Lunch on the run

Make it a liquid one. Miami's Cuban coffee will knock your socks off. You can pick up a café Cubano on most street corners from walk-up windows for around $1 (55p). It's strong and sweet and served in tiny plastic cups. The syrupy shot is called a cafecito; with a splash of milk it becomes a cortadito. In Little Havana, El Pub 1548 SW 8th St, at SW 15th Ave (001 305 642 9942), whose motto is "Where the Cuba of yesterday lives today" is a traditional diner. From the blue-fringed counter window you can grab a sandwich and coffee to go.

Cultural afternoon

Around half of Miami's population is Latin American. So head for the Museum of Hispanic & Latin American Art (001 305 644 1127; www.latinartmuseum.org) to get an insight into their culture. The museum is open from Tuesday to Friday 11am-5pm and Saturday 11am-4pm Saturday. Admission is free.

Window shopping

Take your plastic to Bal Harbour Shops. This open-air "mall" has carps gliding about in the ponds and orchid-dressed palm trees stretching up above the top floor. Tiffany & Co, Channel, Cartier and Saks 5th Avenue are just a few of the permanent residents. By contrast, the "surf" shops along Washington Avenue (between 5th and Lincoln) are great places to buy cheap and cheerful beach gear. Miami Surf Style (at 1051) has bikinis and trunks from around $15 (£8). But if you really want to fill up your suitcase, drive out to the populist Dade-Land Mall at 7535 North Kendall Drive. Here you'll find all the affordable American chains, with everything from Target to JC Penny, Lord and Taylor to Macy's.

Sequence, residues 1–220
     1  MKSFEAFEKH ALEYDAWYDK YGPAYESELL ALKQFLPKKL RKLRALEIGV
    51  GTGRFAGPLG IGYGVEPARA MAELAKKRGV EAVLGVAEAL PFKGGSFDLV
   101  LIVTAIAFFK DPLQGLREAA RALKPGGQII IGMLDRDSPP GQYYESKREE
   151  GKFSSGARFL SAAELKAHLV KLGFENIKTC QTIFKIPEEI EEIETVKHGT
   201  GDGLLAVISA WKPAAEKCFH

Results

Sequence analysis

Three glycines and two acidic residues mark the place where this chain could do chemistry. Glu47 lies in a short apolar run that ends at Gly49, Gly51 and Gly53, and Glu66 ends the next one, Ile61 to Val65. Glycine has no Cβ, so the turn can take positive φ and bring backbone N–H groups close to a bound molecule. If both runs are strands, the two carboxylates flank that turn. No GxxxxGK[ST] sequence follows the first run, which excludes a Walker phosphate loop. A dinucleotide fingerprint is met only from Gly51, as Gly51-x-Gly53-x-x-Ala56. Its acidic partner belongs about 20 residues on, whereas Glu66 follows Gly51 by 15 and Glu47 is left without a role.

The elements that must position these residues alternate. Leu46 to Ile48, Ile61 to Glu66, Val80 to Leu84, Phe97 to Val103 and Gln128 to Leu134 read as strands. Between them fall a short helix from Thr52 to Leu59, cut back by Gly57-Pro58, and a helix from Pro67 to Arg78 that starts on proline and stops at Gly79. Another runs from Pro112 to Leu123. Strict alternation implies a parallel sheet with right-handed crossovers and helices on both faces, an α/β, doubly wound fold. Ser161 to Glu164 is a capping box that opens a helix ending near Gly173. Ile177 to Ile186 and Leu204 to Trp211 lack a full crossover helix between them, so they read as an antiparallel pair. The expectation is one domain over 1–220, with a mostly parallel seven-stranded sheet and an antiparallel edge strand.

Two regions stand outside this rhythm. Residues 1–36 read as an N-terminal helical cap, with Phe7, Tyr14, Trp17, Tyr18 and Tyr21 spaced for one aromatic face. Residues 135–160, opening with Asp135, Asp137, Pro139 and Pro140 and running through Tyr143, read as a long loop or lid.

An aperitif

Pre-prandial cocktails should be taken at the supremely funky hotel bars around Collins and 16th Streets. Don't miss the indoor Rose Bar and outdoor poolside bar at Ian Schrager's pioneering Delano Hotel; or the Sky Bar at the even more achingly trendy Shores Club next door.

Dining with the locals

Dishes like "panella" and "empanada" will be familiar to Latino food lovers. But at newcomer restaurant Ola (001 305 758 9195) at 5061 Biscayne Boulevard, these rustic dishes get a decadent lift. Go for one of the $31-$50 (£17-£28) menus for four courses with wine.

Into the night

For an authentic Cuban émigré experience, visit Hoy Como Ayer's smoky den on 2212 SW 8th Street, Little Havana (001 305 541 2631; www.hoycomoayer.net). It opens 9pm-3am, Thurs-Sun, with shows on Friday and Saturday at 10.30pm.

Sunday morning, go to church

Our Lady of Charity Shrine or Ermita de la Caridad at 3609 S Miami Ave (001 305 854 3404) is in a peaceful spot by Biscayne Bay. It was built in 1966 to honour Cuba's Virgen de la Caridad del Cobre (Virgin of Charity) - a statue of Mary brought from Cuba.

Out to brunch

The Big Pink, at 157 Collins Avenue (001 305 532 4700), is a Miami institution as much for its all-day breakfasts (such as the breakfast burrito) as for its late-night eats. Main dishes are from around $12.50 (£7)

A walk in the park

The largest Botanical Gardens in the US, the Fairchild Tropical Garden (001 305 667 1651; www.fairchildgarden.org) has 83 acres of palms and other exotic fronds. From Miami, the drive here through Coral Gables offers great views of some fine old Florida mansions. Open daily, admission is $10 (£5.50).

Take a ride

Take one of Miami's little-used water taxis (001 954 467 6677; www.watertaxi.com) connecting the mainland to the beaches. For example, a trip from Bayside Marketplace to 5th Street Marina in South Beach costs $7 (£4) one-way.

The icing on the cake

The Everglades National Park (001 305 2427700, www.nps.gov/ever) is less than two hours' drive from Miami. This wetland park is home to flamingos, alligators and some 300 species of birds. The main entrance and Park Waters are open daily, 24 hours; the Shark Valley entrance is open daily, 8.30am-6pm. Admission costs $10 (£5.30) per car.